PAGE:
With just the descent into the stadium and a relatively short homestretch, Andy Newell appeared to have fourth place locked up for the Americans in the classic team sprint on the 2014 Olympic Course in Sochi, Russia.
But sticky skis and a technical corner conspired against Newell. The veteran crashed on the last downhill, dropping the team back to seventh. Nonetheless both he and teammate Simi Hamilton were pleased with a day that saw the duo win the semi-final, and remain in contention for the podium throughout most of the final.
“I think we both skied smart,” Newell told FasterSkier in an interview. “If and when we got gaps a little, we were both able to ski up into the pack…It went well.”
The much-discussed Sochi sprint course is long and hilly. Each lap was a solid four minutes and featured two significant climbs, including the last ascent above the stadium that has been the deciding factor in most of the races over the weekend.
The race was unusual for a men’s team sprint and in sharp contrast to the last one several weeks ago in Liberec, Czech Republic. There was little action in that event with a big pack at slow speed for much of the race.
Today however, the Russian duo of Dmitry Japarov and Maxim Vylegzhanin, both accomplished distance skiers, made sure there would be no repeat.
The two men push right from the gun and built a shocking lead. The impact on the rest of the field was substantial, and the pack never truly clustered, at most forming a long single file line.
Newell and Hamilton were able to remain toward the front of the chase group, with Newell even working at one point to close the gap up on the leaders, to no avail.
Entering the final lap, the Germans, anchored by Tobias Angerer held a four second lead on Sweden’s Emil Jönsson and Newell.
Newell lost contact with the Swede on the first climb and appeared to be out of the running for the podium.
At that point, Newell told FasterSkier, he thought he would have to settle for fourth.
But on the final big climb he could see both men beginning to come back.
“I could see that both Tobi [Angerer] and Emil [Jönsson] were kind of struggling too. So I was just like ‘oh man I have a chance of catching those guys’,” Newell said. “I just put my head down and completely buried myself on that last hill.”
He closed within meters of Jönsson who had made his way up to Angerer’s tails, but no further. The gap widened over the top. Newell was out of gas, and had also opted to add more kick entering the final leg, slowing his skis.
“I wanted to be able to go up that last hill,” Newell said. “I iced a bit over the top,” he continued, but added that the effort of chasing had left him with legs so rubbery he could “barely stand up.”
The sticky skis and cooked legs were a bad combination heading into the big sweeping corner. A berm of loose snow grabbed at the klister, and Newell was unable to keep his feet under him.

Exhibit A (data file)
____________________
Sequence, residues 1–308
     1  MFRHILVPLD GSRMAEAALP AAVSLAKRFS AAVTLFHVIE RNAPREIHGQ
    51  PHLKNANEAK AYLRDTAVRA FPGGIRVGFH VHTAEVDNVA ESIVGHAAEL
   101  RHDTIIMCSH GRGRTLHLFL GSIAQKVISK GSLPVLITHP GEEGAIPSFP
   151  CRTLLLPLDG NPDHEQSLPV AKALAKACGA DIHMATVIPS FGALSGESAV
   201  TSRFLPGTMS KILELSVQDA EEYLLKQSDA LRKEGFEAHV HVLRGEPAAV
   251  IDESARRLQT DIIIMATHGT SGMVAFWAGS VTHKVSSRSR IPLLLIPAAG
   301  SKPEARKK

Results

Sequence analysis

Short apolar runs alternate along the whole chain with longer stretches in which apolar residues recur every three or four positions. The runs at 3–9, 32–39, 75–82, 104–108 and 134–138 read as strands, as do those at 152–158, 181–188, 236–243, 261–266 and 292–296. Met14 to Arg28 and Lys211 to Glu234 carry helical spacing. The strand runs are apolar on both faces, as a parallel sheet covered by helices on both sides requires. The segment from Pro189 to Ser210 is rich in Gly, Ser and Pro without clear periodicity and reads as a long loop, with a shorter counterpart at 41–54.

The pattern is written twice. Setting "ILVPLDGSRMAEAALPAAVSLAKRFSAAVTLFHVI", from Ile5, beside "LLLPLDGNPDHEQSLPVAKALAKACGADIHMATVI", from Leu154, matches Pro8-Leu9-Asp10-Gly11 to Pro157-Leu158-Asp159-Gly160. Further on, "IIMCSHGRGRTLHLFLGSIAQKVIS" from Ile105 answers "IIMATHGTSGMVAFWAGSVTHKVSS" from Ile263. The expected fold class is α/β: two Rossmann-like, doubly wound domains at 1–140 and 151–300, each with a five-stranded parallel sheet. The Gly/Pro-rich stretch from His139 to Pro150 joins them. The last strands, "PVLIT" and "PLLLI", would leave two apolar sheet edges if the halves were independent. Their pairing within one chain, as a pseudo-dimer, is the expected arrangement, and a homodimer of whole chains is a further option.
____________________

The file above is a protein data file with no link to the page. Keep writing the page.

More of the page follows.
“I could see the podium right there. I just had to put my head down and go,” Newell said of his attack, showing no regret for a move that may have cost the team fourth.
“That is what we do…we would rather go for it instead of skiing conservative and trying to maintain fourth place,” Newell said. “Unfortunately it didn’t work out.”
Jönsson threw down a furious charge over the top to gap Angerer and was uncontested on his way to second.
The German team, with Axel Teichmann joining Angerer, like the Russians, consisted of two distance skiers. And Jönsson, at this point in his career, is more than capable endurance-wise.
The length and vertical of the course did not faze Newell however.
“Courses like this that are really tough hurt more when it is over,” he explained. “But when you are actually racing, for me at least, I don’t notice that it is a really hard course or a long course…you are in the race zone. But when you are done you are like ‘holy crap that was hard’.”
On a day featuring warm temperatures and tricky waxing, Newell and Hamilton started well, winning their semi-final going away.
Newell said that both men’s skis were “much faster than other people’s,” giving the team a distinct advantage.
“We started pulling away and then I just tried to hammer up the last hill…and just cruise into the stadium a little bit,” he said of the semis.
In addition to a good day of racing, the experience of skiing on the Olympic courses has been valuable.
“It is good to take away, see the courses and see some ways we may need to tweak our training to race fast here,” he said.
Specifically Newell pointed to uphill skiing — V1 in the individual skate sprint, and classic striding for the team sprint. There is “almost no double pole compared to other courses,” he explained.
The other focus will be duration, preparing for a four-minute sprint as opposed to a three minute event.
— Alex Matthews contributed reporting
Topher Sabot is the editor of FasterSkier.